This article needs additional citations for verification. (January 2014)
|3 October 2008|
|Media type||Print (Hardback)|
Joined-Up Thinking is the first book by writer and artist Stevyn Colgan. It is based loosely upon the idea of Six Degrees of Separation first put forward by Frigyes Karinthy and later explored by Stanley Milgram and Richard Wiseman, in that everything and everyone in the world can be connected in some way. The book takes a light-hearted and humorous series of 'cyclic journeys through the land of trivia'. What marks the book as different from previous books of trivia is that each chapter or 'Round' takes the reader along a chain of interconnected facts ending, ultimately, back at the first fact in the chain. There are 30 of these 'journeys' in the book which are then all linked together in 'The Great Big Joined-Up Index' where Colgan shows the interconnectedness between facts in different Rounds.
First published by Macmillan in Britain on 3 October 2008. The book received favourable comments from both Stephen Fry and John Mitchinson of Quite Interesting Ltd, co-author (with John Lloyd) of The Book of General Ignorance.
"I found myself strangely fascinated and somewhat dizzy. Most impressive" - Stephen Fry.
"The book that nails that odd, slightly unnerving feeling that everything really is connected" - John Mitchinson.
The paperback edition was released on 18 September 2009.
Response to the book has been positive to date.
'Dizzily intriguing' - The Bookseller[This quote needs a citation]
'Can I recommend a book? It’s Joined-Up Thinking by Stevyn Colgan. The author shares my love of trivia’s interconnectedness - far from being ‘random info’, the facts in our brain only come to light because some other fact reminds us of them. It’s this quality that made me love the book - you almost want to have a conversation with it. For instance when it revealed that Charlie Chaplin was born on 16 April 1889, I wanted to say ‘that was only four days before the man he played (in all but name) in The Great Dictator (ie Adolf Hitler). The book’s packed with great info, from the derivation of the phrase ‘letting the cat out of the bag’ to the name for the thin bits of a cricket bail. Spigots, since you ask' - Mark Mason (author)[This quote needs a citation]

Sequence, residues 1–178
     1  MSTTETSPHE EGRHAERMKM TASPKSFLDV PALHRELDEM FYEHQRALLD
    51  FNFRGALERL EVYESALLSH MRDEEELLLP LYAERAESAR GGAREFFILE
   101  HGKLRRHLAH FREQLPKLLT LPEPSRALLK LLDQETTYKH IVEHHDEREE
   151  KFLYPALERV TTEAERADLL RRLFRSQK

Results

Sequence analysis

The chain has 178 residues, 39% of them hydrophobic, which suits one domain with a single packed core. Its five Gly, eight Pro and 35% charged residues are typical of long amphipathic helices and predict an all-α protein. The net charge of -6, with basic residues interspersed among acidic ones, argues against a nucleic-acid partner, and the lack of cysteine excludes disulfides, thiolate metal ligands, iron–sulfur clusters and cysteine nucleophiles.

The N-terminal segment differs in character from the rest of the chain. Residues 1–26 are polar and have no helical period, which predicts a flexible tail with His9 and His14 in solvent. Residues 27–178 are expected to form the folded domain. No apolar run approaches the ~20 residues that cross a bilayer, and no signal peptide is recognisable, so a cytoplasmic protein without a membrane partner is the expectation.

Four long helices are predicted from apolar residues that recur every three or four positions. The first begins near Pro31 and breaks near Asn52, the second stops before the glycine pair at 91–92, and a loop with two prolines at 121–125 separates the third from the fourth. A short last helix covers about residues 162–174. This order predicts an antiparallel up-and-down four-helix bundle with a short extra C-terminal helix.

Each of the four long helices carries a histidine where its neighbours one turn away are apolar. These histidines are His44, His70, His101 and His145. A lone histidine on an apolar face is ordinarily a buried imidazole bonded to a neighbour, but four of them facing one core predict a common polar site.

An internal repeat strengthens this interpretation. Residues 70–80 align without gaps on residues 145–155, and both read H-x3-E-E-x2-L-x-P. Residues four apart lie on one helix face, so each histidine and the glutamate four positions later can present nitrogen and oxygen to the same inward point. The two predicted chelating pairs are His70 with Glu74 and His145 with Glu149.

'If you've ever looked at the Eiffel Tower and wondered how it's related to Dracula, then Stevyn Colgan is your man. Yes, it's trivia porn' - London Lite[This quote needs a citation]
'He connects each piece of his trivia puzzle in a concise, chatty, easy to follow, even logical, manner. This free-flowing style does not, thankfully, lend itself to pause and evaluation, but does allow for a great deal of chuckling and chin-stroking. This is the sort of book that you will read and then spend the next month or so scratching your head and wondering just how it is, exactly, you know that avocados are poisonous, that indigo is really just a shade of violet, or that Wilma Flintstone had two maiden names, Pebble or Slaghoople, depending on which episode you watched, or that former British Prime Minister Tony Blair owns a telephone that resembles a Harley-Davidson. He is the master of the trivial, the collector and cataloguer of the forgotten and inane - but no matter how worthless and unnecessary the information, Colgan has the knack of making it all sound intensely fascinating' - New Zealand Herald 
'Stevyn Colgan has a theory; everything in the world can be connected through 'six degrees of information'. Trying to prove it takes us up some strange alleys - in the first chapter we go from Sir Isaac Newton inventing the colour indigo to 2007's most popular day for marriages - but his engaging style means we don't get stuck down the road of intellectual whimsy' - Maxim[This quote needs a citation]
'The premise of the book is simple - the surprising connections between seemingly random and unrelated 'things', looped around so you keep meeting your tail. How Colgan manages to find all these connections, unravel them and create something coherent and entertaining out of them is beyond me. But I'm glad he took the time, as the result is vastly fascinating and had my mind whirring round after itself for hours - immense fun!' - Falmouth People[This quote needs a citation]